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IBM Chills Out with New eServers

For years, combatants in the heated server market have stressed the speed and power at which their latest products can render calculations. While this is no less important today, Armonk, N.Y.'s IBM Corp. , is looking for other ways to differentiate itself from its competitors Hewlett-Packard Co. and Sun Microsystems Inc. .

Big Blue has been especially busy blowing off steam since October, so to speak, with cooler servers, as part of a push to conserve energy needs in the computing sector and stand out among its rivals. Wednesday the firm added new p610s (6C1 and 6E1) to its eServer family that supposedly sucks up as much as 57 percent less electricity and expends 63 percent less heat than a comparable Sun solution, a 280R. Low-end systems designed for e-business tasks such as customer relationship management, enterprise resource planning and sales force automation, the new p610s runs both Unix and Linux.

As for the energy conservation, the new eServers includes RAID 5 storage technology (Redundant Array of Independent Disks) inside the server cabinet rather than in a separate device, which eliminates the need for a second power supply. RAID allows a large number of disks to be treated by a system as a single storage device. More disks means multiple backups for data.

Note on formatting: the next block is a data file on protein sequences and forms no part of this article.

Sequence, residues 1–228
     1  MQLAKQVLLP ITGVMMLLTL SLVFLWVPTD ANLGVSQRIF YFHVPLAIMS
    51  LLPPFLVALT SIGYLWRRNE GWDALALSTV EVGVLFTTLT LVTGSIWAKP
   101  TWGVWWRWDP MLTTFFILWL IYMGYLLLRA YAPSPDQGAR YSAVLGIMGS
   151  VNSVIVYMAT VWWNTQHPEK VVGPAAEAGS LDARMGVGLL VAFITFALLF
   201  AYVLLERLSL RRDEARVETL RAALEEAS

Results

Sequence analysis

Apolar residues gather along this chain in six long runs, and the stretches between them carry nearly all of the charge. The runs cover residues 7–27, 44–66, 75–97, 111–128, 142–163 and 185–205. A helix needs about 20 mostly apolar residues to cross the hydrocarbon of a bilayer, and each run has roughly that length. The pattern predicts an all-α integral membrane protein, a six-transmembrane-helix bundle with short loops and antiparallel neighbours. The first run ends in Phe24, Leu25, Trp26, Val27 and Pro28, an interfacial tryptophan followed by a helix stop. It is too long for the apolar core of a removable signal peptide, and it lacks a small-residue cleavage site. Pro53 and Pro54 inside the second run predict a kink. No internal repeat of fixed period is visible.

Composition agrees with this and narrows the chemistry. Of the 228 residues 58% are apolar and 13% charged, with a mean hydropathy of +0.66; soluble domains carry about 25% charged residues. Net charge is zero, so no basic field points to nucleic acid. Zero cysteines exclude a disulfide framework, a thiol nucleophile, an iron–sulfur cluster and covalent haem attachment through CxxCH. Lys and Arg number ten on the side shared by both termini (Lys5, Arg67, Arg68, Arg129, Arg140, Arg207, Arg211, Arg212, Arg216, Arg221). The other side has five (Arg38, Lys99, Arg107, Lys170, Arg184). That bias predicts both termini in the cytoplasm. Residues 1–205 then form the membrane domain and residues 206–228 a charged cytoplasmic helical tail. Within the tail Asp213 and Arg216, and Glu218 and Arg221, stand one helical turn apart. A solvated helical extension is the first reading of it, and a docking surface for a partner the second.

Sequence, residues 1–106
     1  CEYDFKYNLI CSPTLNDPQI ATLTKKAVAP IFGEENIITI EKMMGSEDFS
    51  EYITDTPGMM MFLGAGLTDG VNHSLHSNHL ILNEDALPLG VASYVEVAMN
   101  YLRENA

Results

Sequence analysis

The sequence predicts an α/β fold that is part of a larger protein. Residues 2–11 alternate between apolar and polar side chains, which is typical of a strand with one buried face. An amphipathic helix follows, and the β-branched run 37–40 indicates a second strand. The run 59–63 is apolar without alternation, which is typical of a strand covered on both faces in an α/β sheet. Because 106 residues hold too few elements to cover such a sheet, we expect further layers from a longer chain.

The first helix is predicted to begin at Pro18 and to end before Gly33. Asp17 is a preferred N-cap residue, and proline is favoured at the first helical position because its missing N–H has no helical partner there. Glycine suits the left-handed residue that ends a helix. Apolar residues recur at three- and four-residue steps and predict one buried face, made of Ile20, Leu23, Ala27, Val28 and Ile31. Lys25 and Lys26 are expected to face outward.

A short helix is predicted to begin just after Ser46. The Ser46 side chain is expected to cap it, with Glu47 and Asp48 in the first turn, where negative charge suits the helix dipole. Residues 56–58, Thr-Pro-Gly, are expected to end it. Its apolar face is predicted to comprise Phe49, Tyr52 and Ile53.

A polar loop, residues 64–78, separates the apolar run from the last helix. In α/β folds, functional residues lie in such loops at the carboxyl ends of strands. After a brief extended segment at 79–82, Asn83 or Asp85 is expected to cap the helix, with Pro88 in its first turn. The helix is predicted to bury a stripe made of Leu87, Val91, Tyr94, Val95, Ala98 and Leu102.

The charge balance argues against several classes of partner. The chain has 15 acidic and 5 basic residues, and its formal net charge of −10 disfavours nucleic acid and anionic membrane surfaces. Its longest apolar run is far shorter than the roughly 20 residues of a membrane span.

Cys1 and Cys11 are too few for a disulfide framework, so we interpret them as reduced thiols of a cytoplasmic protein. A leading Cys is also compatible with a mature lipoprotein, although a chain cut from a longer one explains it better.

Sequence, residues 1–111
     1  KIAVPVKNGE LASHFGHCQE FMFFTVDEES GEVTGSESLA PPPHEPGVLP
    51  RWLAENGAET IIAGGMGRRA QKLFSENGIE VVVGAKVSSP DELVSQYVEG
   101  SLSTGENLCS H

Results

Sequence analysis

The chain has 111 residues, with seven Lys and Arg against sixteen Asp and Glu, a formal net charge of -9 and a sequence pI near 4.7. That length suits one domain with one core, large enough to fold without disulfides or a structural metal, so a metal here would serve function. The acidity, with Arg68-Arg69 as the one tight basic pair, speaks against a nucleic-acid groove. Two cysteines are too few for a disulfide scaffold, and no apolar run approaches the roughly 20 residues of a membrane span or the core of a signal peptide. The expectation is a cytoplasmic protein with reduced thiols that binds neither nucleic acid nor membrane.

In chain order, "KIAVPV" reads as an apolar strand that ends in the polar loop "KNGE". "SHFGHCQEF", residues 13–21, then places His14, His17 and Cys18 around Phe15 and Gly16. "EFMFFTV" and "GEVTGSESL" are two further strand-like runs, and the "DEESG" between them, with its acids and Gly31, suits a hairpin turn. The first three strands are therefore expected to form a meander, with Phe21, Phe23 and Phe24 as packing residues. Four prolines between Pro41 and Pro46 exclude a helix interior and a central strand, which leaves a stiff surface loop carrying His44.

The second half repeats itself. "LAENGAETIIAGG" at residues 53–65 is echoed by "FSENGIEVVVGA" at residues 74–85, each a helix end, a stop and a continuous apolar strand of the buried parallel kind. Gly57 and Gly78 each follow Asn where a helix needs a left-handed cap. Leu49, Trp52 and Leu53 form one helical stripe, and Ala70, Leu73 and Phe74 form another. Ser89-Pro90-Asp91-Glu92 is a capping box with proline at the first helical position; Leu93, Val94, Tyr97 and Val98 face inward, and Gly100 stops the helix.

This integration of RAID 5 also lends credence to IBM's argument that a p610 is more cost-efficient for the enterprise than a comparable server from Sun or HP because customers who want to use similar products from those rivals must purchase an external storage device. For one, it takes up floor space. For another, outside storage devices add to noise levels and to electrical requirements.

"More than ever, our customers are interested in lowering their total cost of ownership," said Val Rahmani, general manager, IBM eServer pSeries. "IBM's new UNIX server combines energy efficiency and enterprise-class management features with ultra-fast performance to provide customers with the ideal synthesis of power and affordability."

IBM, it seems, has reason to feel confident about its server schemes these days. New statistics from Gartner Dataquest show that Big Blue server revenue in the U.S. increased from $4.7 billion to $4.9 billion in 2001, growth of 7.8 percent. Overall, the firm increased market share from 21.5 percent in 2000 to 29.3 percent in the weakest year for server sales in years. IBM posted 3.1 percent growth in sales for the Unix server market (still a distance second to Sun) and a 1.3 percent growth in Intel servers.

Available in rack or tower versions, the new p610s start at $5,995. Scheduled rollout is Feb. 22.